Melting the Ice in the Hearts of Men
In my Inuit culture we believe that of all the things that can be created the only one that will disappear before your eyes is smoke. And as the smoke comes to you it has the power to carry away with it any bad things you have in you—bad thoughts, bad things we see, bad things we hear, bad things we say, bad things we feel, and bad things we smell. The smoke carries all of that away from us. And when the smoke clears, you and I can be as we were as children. You think of things that only you know and the Great One knows, and you pray that they will be removed from you.
I’ve been in training to be a shaman for almost 60 years, and after many years of promptings by the family, I agreed to do a ceremony that hadn’t been done since 1821. That’s when our great-great-grandfather as a young man was asked to go up the mountain and do the ceremony, and come down to accept a gift. If he opened the gift he accepted the responsibility of being a shaman, an Angakkog. After a long, long time, I contemplated and contemplated; then I went up the mountain, in September 2007, almost 60 years after I began training. And when I came down they gave me my medicine bundle. When I opened it, I became an Angakkok, the highest title we can ever bestow upon a human being, and I took responsibility for nature. The bundle has a caribou hoof and the tusk of a narwhal. It means I can step anywhere and I will have the wealth of the land and the wisdom of the ocean, and everything I want will come to me.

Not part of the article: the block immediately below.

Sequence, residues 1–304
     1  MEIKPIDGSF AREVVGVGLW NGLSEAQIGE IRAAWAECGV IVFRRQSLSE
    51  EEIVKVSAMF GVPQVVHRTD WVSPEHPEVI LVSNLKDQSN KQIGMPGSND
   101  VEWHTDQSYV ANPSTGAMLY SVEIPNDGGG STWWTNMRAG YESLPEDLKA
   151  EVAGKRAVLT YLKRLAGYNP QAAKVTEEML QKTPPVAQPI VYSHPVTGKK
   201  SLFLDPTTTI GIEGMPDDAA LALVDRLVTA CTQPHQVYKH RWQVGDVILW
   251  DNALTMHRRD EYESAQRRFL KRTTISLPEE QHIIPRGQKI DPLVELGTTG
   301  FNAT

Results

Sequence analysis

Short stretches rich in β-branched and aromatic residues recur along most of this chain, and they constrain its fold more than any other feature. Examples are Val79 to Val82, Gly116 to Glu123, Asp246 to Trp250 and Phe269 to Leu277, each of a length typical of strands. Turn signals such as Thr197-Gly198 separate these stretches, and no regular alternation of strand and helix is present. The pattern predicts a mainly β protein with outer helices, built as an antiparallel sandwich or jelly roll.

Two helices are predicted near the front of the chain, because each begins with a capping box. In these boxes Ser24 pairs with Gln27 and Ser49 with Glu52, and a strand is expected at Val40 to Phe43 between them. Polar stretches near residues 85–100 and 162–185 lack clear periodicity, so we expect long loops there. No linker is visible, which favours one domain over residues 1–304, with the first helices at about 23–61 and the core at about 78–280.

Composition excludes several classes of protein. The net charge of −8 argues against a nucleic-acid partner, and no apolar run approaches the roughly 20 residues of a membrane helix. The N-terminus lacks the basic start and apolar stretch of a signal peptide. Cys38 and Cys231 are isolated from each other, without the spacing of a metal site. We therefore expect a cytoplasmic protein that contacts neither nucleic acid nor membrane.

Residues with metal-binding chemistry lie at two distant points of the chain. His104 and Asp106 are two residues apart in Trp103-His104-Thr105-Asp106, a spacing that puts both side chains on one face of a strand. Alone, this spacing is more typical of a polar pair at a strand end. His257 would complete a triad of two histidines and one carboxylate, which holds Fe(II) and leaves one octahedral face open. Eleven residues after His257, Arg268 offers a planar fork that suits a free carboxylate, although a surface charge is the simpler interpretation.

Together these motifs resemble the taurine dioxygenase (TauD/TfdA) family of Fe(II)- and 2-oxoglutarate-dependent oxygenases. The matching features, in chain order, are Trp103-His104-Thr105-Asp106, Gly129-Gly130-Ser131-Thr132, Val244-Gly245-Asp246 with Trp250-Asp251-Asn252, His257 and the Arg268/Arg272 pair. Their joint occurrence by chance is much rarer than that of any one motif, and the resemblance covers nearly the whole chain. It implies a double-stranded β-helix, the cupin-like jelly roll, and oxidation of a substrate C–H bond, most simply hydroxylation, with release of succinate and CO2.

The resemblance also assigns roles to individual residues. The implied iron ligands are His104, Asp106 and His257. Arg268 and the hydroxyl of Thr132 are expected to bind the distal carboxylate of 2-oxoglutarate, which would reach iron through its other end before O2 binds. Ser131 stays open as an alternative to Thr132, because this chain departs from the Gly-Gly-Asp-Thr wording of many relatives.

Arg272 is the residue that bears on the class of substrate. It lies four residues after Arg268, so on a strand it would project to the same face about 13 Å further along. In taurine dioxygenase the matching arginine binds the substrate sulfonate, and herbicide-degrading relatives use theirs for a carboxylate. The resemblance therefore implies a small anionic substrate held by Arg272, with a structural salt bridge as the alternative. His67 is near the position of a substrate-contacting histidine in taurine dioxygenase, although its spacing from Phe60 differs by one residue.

That’s what I carry as a medicine man.
I come from the largest land area of any tribe on Earth, a land of 10 million square miles. From east to west it covers 13 time zones. There are a quarter of a million of us, but only one language. We understand each other from the east to the west, from the north to the south.